Earth Day reimagined
City's annual Earth Day celebrations move to the virtual realm
There’s no doubt – having an April birthday this year, just like the customary winds that accompany this blustery transitional month, blows. Of course, any birthday beats the alternative. But it has forced celebrants to get creative, with everything from Zoom happy hours and drive-by singalongs to emoji-filled texts. And it’s no different for local organizers of Durango’s annual Earth Day festivities.
In case it has slipped under your radar in favor of more catastrophic news, this year is the 50th anniversary of Earth Day. Seen as the birth of the modern environmental movement, the first Earth day was celebrated April 22, 1970. It has been celebrated every April 22 (or thereabouts) since, until … the coronavirus came to crash the party.
But local organizers, which include the City of Durango, Indivisible Durango and the Citizens Climate Lobby, are undaunted. Instead of the customary parade and day of events and Rotary Park, they decided to take the festivities online. And instead of just one day, activities will take place for a whole week (after all, you’re only 50 once.)
“We’re adjusting to our new normal here,” Gail Harriss, who is heading up this year’s Earth Day organizing committee, said. “We could not let Earth Day go by without doing something. So we are doing an Earth Day re-imagined.”
She said the group came to the realization about mid-March that the typical celebration would not be possible. That’s when they decided to go virtual. “There were at least a few other cities doing an online thing, so we looked into it,” she said. “Everyone can celebrate Earth Day while complying with the stay-at-home orders and physical distancing.”
The result is a week of online activities that anyone can participate in, from an Earth Day bingo card to a full slate of speakers sharing inspiring stories on how to make a positive difference in the community and the world.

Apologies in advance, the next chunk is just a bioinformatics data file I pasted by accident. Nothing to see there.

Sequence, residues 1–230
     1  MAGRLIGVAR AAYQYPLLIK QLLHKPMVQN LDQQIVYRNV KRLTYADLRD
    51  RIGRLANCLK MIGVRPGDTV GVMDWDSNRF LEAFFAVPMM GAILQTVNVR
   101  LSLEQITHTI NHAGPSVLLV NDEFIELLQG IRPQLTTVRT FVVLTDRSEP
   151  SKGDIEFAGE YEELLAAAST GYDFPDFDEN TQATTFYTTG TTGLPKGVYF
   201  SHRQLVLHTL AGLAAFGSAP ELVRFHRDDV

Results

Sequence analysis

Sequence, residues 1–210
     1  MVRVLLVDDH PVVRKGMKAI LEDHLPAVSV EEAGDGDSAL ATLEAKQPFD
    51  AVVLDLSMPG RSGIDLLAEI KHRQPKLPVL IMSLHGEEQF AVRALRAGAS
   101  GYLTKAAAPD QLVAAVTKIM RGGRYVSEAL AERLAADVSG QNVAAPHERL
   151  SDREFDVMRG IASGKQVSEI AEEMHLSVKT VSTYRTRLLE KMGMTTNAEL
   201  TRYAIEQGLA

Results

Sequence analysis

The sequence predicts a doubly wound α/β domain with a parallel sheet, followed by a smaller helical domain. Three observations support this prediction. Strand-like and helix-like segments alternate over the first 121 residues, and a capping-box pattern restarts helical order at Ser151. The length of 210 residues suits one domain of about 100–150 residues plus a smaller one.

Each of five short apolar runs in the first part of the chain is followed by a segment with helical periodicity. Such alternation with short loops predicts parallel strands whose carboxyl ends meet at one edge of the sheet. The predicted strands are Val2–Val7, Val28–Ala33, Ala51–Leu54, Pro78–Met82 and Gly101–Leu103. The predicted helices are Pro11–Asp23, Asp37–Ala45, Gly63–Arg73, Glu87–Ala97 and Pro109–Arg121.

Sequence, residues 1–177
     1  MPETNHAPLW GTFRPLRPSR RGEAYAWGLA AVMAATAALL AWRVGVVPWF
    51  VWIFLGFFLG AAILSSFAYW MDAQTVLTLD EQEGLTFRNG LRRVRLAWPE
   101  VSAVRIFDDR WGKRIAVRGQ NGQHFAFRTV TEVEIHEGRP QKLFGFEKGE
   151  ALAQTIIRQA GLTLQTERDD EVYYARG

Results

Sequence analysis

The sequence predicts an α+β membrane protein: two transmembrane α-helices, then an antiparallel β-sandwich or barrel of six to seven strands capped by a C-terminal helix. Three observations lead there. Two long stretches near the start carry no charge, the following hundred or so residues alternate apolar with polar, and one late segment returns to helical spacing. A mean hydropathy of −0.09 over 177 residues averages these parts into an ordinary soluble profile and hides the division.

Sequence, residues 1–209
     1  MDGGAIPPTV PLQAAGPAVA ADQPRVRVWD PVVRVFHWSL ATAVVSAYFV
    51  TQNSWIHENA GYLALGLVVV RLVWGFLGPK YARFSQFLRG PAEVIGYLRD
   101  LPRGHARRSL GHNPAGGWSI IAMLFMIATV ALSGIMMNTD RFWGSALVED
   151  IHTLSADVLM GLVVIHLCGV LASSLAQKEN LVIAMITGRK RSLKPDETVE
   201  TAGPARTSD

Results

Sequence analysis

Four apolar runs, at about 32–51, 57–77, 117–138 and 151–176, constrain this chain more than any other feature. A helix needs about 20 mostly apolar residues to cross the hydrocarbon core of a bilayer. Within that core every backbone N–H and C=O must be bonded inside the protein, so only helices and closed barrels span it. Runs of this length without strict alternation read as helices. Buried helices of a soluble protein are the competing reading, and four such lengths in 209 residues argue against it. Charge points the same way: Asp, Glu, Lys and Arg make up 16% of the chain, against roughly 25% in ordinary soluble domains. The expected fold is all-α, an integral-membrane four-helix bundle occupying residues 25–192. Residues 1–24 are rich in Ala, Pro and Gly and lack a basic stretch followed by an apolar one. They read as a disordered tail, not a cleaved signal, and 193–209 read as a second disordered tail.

Needless to say, this year’s Earth Day theme, “Climate Action: Healthy Choices for a Healthy Planet,” has taken on a whole new meaning as the coronavirus has dramatically impacted daily lives. And Harriss notes, the two are not completely independent of each other. In fact, noted author, doctor and public speaker on public heaths issues Dr. Michael Gregor recently listed climate change and pandemics as the two biggest threats facing life on Earth as we know it.
“So everyone needs to be addressing climate change urgently,” Harriss said.
One way people can do this on the local, grassroots level is with the bingo card. The card contains 25 spots where folks can earn bingo “chips” by doing anything from composting kitchen scraps to making an art project from household recyclables to picking up trash on a walk. Virtual cards are available online at www.durangogov.org/earthweek, and each spot contains a live link for more information on how to complete the task.
“It’s pretty amazing what resources our town has,” Harriss said. “This is a great opportunity – click on the link, and there you are.”
For example, there are links for getting started on your own veggie garden as well as a one for a foodprints quiz. (If you thought choosing chocolate over local beef was a more earth-friendly choice, you’d be wrong.)
Once you complete a bingo – or better yet the whole card – (screaming “bingo” is optional but highly encouraged), you’ll be entered into a prize drawing for a $50 gift certificate to the Farmers Market as well as gift cards from other local businesses.
Harriss is hoping that, like the Zoom and Tik Tok crazes (and not like the coronavirus), it’ll catch on.
“We’re hoping people pass it on to their friends,” she said. In that vein, anyone taking part in local Earth Week festivities are urged to share them on social media with #EarthweekDurango. (They are also looking for historical photos of early Earth Day celebrations, too, if anyone has those.)
In addition to the citywide bingo game, there will be different actions that one can take posted daily on the group’s Facebook page (Earth Week Online Durango 2020) as well as guest speakers featured on Youtube (get the link and schedule also at www.durangogov.org/earthweek.)
• G. Sam Foster, a retired forestry scientist and research director now with the Mountain Studies Institute
• Dean Brookie, Mayor Durango pro tem
• Heidi Steltzer, FLC Professor of Environment, Sustainability & Biology and recent contributor to the U.N. climate report
• Darrin Parmenter, La Plata County Director of the CSU Extension Office
• Monique DiGiorgio and Taylor Hanson, of Table to Farm Compost
• Ruby Hamilton, seventh-grade climate change activist, Escalante Middle School
And for those who still love a good, old-fashioned parade, fret not. Harriss said there are plans to hold an Earth Day parade next fall in conjunction with the annual Apple Days festival. In the meantime, be sure to stay 6 feet apart out there, and if you have to hug something, hug a tree.